201 parsons were included. n = 40) or a wait-list (WL. Policy of full disclosure: None. S-10-001 The effects of CBT in persons with ultra high risk: the Dutch EDIE trial S-10-004 How does CBT effect the brain of patients of schizophrenia: a multicenter fMRI study M.S18 S-09-004 LY2140023 Monohydrate: preclinical and clinical update on the development of an mGluR2/3 agonist treatment for schizophrenia J. Policy of full disclosure: I am full time employee and stockholder of Eli Lilly and Company. The majority of the participants perceived the treatment as helpful (98%) and considered themselves improved (92%). There was no improvement for negative symptoms. Tomiyama. Ziegler. S-10-002 Targeting social and symptomatic outcomes using CBT for psychosis: effectiveness. However. n = 40). posttreatment and one-year follow-up. The WL-group was assessed at baseline. Kesting.-L. Amsterdam. Koshikawa Objective: Whether the pathobiology of schizophrenia extends beyond its defining symptoms. The presentations will include an overview of the current clinical implementations and latest research on CBT in psychosis. K.38 for delusional conviction. The positive effects of treatment on the main outcomes could be maintained at one-year follow-up. The effects of the intervention are awaited. M. Results: By post-treatment. Methods: A randomised controlled trial in four research sites was performed with CBT targeted at cognitive bias that play a role in the development of psychosis. It has been included as therapy of choice—besides antipsychotic medication and social rehabilitation—in all major treatment guidelines. Methods: 80 patients with DSM-IV schizophrenia spectrum disorders seeking outpatient treatment for psychosis were randomized to a cognitive-behavioural intervention (CBTp. S-10 Cognitive behavior therapy for psychosis: what do we know about its effectiveness and neural correlates? Eur Arch Psychiatry Clin Neurosci (2011) 261 (Suppl 1):S7–S101 Objective: RCTs have shown that CBT reduces positive symptoms of psychosis. Policy of full disclosure: None.-C. S. Gomez (Eli Lilly and Company Lilly Corporate Center. In this presentation. Conclusion: Screening the general help-seeking population for people with an at risk mental state is more productive then using a referral strategy. the treatment-group showed significant improvement over the wait-list group for positive symptoms and overall psychopathology. Conclusion: Patients with psychosis seeking help in clinical practice settings benefit from CBTp. Westermann. Dublin. 69% had reliably improved in at least one PANSS domain. Mehl. Luellmann. strategies and mediators S-11 Motor symptoms as an intrinsic component of schizophrenia pathobiology D. W. UK) S-11-001 Spontaneous involuntary movements as an integral component of network dysfunction in schizophrenia Abstract not received in due time. Lincoln (Phillips-Universita¨t Marburg Fachbereich Psychologie. CBT for schizophrenia has shown its effectiveness in a multitude of clinical trials and meta-analyses. Waddington (Royal College of Surgeons. The CBTp-group was assessed at baseline.77 for general psychopathology and . Netherlands) T. S-10-003 Effectiveness of CBT in a German outpatient setting. The main outcome measure was the Positive and Negative Syndrome Scale. Understanding the role of glutamate in schizophrenia may provide a new direction for the development of innovative and hopefully more effective drug therapies for schizophrenia. Short and long term results of a controlled randomised trial T. Rief 123 J. Results: The final results will be in on September 1st 2011. . S. Germany). studies are needed to demonstrate its effectiveness in unselected samples in routine clinical practice settings. Screening is less biased to young males. E. has long been debated. Norwich. However. N. there is accumulating evidence implicating dysregulation of the glutamatergic system as a prominent contributant to the pathophysiology of the disease. At post-assessment. Germany) Objective: CBT might postpone or even prevent a first psychotic episode in people who are at ultrahigh risk for developing psychosis. As an overview of our research. post-treatment and after 1 year. Ireland). an oral prodrug of LY404039. and present data from several recent clinical trials assessing the role of the mGlu 2/3 receptor agonist LY2140023 monohydrate. Abstract: In recent years. I will summarize data from several preclinical animal models of schizophrenia identifying metabotropic glutamate (mGlu) 2/3 receptors as potential antipsychotic targets. The efficacy of CBTp can be generalized to clinical practice despite differences in patients. Studies of neuromotor dysfunction have been confounded by treatment with antipsychotic drugs. as a possible therapeutic agent in the treatment of schizophrenia.3%). van der Gaag (VU University + EMGO Institute. Fowler (Faculty of Health Clinical Psychology. Significant pre-post effect sizes varied between . about the mediating effects and its effect on brain plasticity. Kircher (Marburg. a number of questions remain about its effectiveness in particular subsamples. Policy of full disclosure: None. The number of dropouts during the treatment phases was low (11. USA) Abstract: While dopamine has been viewed as the key neurotransmitter mediating the symptoms of schizophrenia over the last 5 decades. University of East Anglia. an overview will be given on novel research on brain changes due to CBT in a large multicenter trial. therapists and deliverance. Indianapolis. after a 4-month waiting-period. to involve diverse domains of abnormality in the manner of a systemic disease. M.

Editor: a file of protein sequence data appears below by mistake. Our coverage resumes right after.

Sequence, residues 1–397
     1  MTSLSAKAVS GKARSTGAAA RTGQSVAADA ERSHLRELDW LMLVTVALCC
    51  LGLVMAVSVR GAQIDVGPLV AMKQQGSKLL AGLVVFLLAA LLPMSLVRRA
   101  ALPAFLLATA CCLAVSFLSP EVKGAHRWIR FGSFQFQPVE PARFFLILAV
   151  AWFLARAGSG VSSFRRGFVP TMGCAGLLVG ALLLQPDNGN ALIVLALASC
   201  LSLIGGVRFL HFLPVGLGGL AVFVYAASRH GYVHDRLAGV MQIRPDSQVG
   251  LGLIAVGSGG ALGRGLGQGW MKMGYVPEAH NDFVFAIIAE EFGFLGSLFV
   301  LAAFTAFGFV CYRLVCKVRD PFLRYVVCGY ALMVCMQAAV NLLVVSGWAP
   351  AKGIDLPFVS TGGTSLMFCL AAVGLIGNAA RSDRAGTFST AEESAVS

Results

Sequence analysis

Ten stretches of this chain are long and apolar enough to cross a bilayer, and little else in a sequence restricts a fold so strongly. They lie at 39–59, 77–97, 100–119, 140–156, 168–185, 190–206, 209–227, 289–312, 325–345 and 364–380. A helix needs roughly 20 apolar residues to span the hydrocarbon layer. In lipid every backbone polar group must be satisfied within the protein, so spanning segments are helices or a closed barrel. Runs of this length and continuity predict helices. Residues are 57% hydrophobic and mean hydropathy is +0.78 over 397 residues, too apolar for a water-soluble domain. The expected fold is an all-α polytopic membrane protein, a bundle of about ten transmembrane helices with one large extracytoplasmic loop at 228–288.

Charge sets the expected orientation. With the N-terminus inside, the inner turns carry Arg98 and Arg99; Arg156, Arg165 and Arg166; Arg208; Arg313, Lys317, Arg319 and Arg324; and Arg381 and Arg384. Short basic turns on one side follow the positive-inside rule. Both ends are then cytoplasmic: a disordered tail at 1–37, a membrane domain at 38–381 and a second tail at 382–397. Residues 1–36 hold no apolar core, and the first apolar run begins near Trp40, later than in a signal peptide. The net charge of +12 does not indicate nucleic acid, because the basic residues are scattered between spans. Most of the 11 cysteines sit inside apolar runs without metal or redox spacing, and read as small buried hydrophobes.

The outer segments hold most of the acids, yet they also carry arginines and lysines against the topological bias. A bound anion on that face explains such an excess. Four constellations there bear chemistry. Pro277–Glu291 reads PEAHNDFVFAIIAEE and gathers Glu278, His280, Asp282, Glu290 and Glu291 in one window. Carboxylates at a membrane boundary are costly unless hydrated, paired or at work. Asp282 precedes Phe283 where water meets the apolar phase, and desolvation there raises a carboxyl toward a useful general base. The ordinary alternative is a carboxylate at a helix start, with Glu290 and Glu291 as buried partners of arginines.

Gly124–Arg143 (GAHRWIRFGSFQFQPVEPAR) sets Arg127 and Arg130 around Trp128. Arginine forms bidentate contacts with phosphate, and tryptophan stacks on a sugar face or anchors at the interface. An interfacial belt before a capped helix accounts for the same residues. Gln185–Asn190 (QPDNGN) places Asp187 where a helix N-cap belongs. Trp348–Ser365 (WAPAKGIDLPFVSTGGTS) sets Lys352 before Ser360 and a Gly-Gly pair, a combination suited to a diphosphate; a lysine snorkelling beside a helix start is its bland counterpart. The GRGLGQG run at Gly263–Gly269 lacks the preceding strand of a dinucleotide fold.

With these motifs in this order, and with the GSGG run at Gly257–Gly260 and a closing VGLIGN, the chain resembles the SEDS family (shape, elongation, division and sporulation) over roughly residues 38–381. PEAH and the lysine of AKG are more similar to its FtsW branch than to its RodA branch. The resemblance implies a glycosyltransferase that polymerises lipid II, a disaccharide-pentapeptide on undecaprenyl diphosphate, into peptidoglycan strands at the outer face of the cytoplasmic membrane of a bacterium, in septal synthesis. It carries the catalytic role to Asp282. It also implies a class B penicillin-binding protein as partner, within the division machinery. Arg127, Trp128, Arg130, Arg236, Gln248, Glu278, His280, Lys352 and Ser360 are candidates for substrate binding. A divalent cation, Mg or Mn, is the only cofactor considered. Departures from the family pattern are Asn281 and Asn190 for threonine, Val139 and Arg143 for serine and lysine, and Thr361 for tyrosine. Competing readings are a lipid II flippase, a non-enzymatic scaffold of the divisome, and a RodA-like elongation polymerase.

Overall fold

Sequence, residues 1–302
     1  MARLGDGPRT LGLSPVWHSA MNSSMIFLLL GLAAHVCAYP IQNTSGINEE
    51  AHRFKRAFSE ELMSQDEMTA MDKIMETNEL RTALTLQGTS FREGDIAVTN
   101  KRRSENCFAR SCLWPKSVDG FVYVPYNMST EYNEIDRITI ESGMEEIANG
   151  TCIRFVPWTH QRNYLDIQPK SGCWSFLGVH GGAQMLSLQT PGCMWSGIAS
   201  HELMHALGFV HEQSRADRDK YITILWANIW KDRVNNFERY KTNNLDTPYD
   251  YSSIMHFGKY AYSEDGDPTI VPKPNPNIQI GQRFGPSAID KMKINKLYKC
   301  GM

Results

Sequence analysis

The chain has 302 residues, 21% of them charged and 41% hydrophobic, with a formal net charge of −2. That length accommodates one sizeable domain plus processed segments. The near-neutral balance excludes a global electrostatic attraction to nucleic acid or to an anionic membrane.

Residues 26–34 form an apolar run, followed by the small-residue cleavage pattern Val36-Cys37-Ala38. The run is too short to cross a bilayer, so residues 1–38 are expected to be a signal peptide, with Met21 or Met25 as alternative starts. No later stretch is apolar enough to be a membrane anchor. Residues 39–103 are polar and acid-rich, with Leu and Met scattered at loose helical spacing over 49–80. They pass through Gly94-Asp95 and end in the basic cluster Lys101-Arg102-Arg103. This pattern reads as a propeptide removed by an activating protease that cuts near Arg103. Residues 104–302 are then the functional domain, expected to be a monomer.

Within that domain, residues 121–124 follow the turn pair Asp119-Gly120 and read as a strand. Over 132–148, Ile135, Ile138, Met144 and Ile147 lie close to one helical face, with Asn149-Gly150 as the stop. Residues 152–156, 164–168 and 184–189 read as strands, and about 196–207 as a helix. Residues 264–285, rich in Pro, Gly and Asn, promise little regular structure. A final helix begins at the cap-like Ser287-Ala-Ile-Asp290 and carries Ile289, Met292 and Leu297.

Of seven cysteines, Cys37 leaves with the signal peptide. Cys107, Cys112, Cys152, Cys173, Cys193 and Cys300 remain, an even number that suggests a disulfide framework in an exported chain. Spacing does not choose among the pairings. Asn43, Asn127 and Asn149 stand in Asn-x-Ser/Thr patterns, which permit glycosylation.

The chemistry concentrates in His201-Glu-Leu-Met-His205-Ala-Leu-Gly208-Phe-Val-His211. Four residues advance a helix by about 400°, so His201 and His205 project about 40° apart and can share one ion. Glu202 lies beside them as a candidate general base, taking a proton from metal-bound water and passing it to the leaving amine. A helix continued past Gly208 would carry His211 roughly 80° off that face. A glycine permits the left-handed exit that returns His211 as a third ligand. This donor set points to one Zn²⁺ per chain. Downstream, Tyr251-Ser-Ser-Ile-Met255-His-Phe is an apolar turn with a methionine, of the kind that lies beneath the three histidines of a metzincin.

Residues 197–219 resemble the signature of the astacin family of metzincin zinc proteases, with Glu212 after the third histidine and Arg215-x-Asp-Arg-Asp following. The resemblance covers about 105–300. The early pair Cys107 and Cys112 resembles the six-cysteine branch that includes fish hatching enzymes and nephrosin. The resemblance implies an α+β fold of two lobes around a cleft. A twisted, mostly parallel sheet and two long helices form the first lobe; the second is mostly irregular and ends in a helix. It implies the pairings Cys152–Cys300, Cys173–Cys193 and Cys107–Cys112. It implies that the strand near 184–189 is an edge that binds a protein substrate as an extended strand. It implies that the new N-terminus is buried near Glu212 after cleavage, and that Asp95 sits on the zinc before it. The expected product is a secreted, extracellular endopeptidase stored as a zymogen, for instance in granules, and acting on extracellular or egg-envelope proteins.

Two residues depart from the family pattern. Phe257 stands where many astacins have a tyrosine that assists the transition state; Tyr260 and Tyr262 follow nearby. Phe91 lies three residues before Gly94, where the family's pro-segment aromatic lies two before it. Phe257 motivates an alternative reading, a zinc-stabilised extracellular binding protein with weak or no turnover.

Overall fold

Neurological syndromes tended to covary. first-degree relatives and controls. Based on the clinical study. Conclusion: The results suggest that movement disorders. and by inference abnormalities in the nigrostriatal pathway. risperidone (n = 52). it may be used in screening programs for populations at risk for psychosis. however. Change scores in neuromotor ratings over the treatment period and rates of drug-responsive and drug-emergent neuromotor syndromes were examined. or olanzapine (n = 25). systemic dysfunction and complement current concepts of schizophrenia as a disorder of disconnectivity in developmentally determined cortical-basal ganglia-thalamo-cortical/cerebellar networks. Subtle forms are not always detected with the use of the standard observation-based clinical rating scales. Policy of full disclosure: None. S-11-002 Dyskinesia and Parkinsonism in antipsychotic naive schizophrenia. there were no significant differences in movement disorders between siblings and controls on the basis of clinical assessments. Therefore movement disorders may be related to schizophrenia. Conclusion: Involuntary movement disorder in schizophrenia joins other markers of subtle but pervasive cerebral and extra-cerebral. This presentation has two aims. dyskinesia. mechanical measurements indicated that siblings compared to controls displayed significantly more dyskinesia and Parkinsonism signs. Conclusion: Quantitative motor activity is altered in schizophrenia and related to subtypes. this presentation focuses on involuntary movements. are not only associated with schizophrenia itself. but may also be related to the (genetic) risk of developing the disease. resting perfusion was not associated with motor activity in the basal ganglia in schizophrenia. Additionally. All participants wore wrist actigraphs for 24 h. Cuesta (Pamplona. This suggests that motor abnormalities may also be related to the risk of developing the disease. Patients received treatment with haloperidol (n = 23). a linear negative association was found between activity and white matter integrity underneath the right supplemental motor area (SMA) in patients. In addition this study shows that mechanical instrument measurement of movement disorders is more sensitive than assessment with clinical rating scales. In two studies. Methods: First a systematic search was conducted to identify studies reporting on dyskinesia and Parkinsonism assessed in antipsychoticnaive patients with schizophrenia and controls and separately in nonill first-degree relatives and controls. First. S19 S-11-003 Neuromotor abnormalities in first-episode psychosis patients: status at antipsychotic naı¨ve state and response to anti-psychotic drugs M. to study the prevalence and correlates of neuromotor abnormalities in neuroleptic-naive psychotic patients. In addition. Antipsychotic drugs may both improve pre-existing abnormalities and cause ‘‘de novo’’ neurologic syndromes with a more favorable neuromotor profile for olanzapine regarding risperidone. Spain) Abstract: Primary neuromotor abnormalities are thought to be a manifestation of the brain pathology underlying the psychotic illness. Building from studies in antipsychotic-naı¨ve patients. course and neurobiology in schizophrenia. In contrast to controls. Therefore.Eur Arch Psychiatry Clin Neurosci (2011) 261 (Suppl 1):S7–S101 Methods: This challenge has been illuminated by a new generation of studies on first episode schizophrenia before initiation of antipsychotic treatment and by opportunities in developing countries to study chronically ill patients who have remained antipsychotic-naı¨ve due to limitations in provision of psychiatric care. their causes and consequences are poorly understood. recent studies in mice mutant for genes associated with risk for schizophrenia indicate a phenotype that includes orofacial dyskinesia. However. J. motor activity was not associated with the connectivity between pre-SMA and pallidum or between primary motor cortex and thalamus in patients. Individuals with schizophrenia report less engagement in physical activity. Second. Koning (Amersfoort. We have investigated the association of objective motor activity with psychopathology. which in turn has a more favorable profile than haloperidol Neuromotor abnormalities represent both an integral part of the disease process not influenced by chronicity or antipsychotic drugs and the relationship between antipsychotic drugs and neurologic abnormalities is more complex than previously acknowledged. Probabalistic fiber tracking further indicated that motor activity was positively associated with the connectivity between left pre-SMA and SMA proper in patients. in a clinical study we compared the presence and severity of dyskinesia and Parkinsonism in 42 non-psychotic siblings of patients with nonaffective psychosis and in 38 controls as measured by mechanical instruments and clinical rating scales. Siblings of patients with schizophrenia also appear to have subtle forms of movement disorders. Results: Objective motor activity differentiated schizophrenia subtypes and displayed minimal variation during the course of an episode or between episodes. but instead correlated with several cortical motor regions. Netherlands) Objective: Movement disorders such as dyskinesia and Parkinsonism have frequently been reported in (drug-naive) patients with schizophrenia. we applied resting state perfusion MRI and diffusion tensor imaging. which are less sensitive than mechanical instrument measurement. S-11-004 Neurobiology and clinical correlates of quantitative motor activity in schizophrenia S. We found a weak inverse correlation of activity data with the PANSS negative subscore. And second. however. we were able to measure the longitudinal course of motor behavior in 17 patients. Policy of full disclosure: None. Results: Antipsychotic-naive schizophrenia was found to be strongly associated with dyskinesia and Parkinsonism compared to controls. Policy of full disclosure: None. Dyskinesia and Parkinsonism were also significantly more prevalent in healthy first-degree relatives of patients with schizophrenia as compared to healthy controls. to examine whether antipsychotic drugs interact with or modify the disease-based motor disorders. Methods: A series of studies was conducted with schizophrenia patients during acute episodes. Walther (University of Bern Psychiatry. catatonia. Neuromotor abnormalities at the neuroleptic-naive state (Parkinsonism. Results: The presence and characteristics of involuntary movements in untreated vis-a`-vis treated psychosis indicate such movements to be an intrinsic feature of the disease process and implicate dysfunction in cortical-basal ganglia-cortical circuitry. prevalence and methods of measurement J. Furthermore. It helps to identify altered motor control in 123 . and 34 of the patients had at least one categorically defined neurological syndrome at naı¨ve state. In contrast to controls. and akathisia) were examined in a sample comprising one hundred psychotic inpatients were assessed. Switzerland) Objective: Motor symptoms are frequent in schizophrenia and comprise several aspects.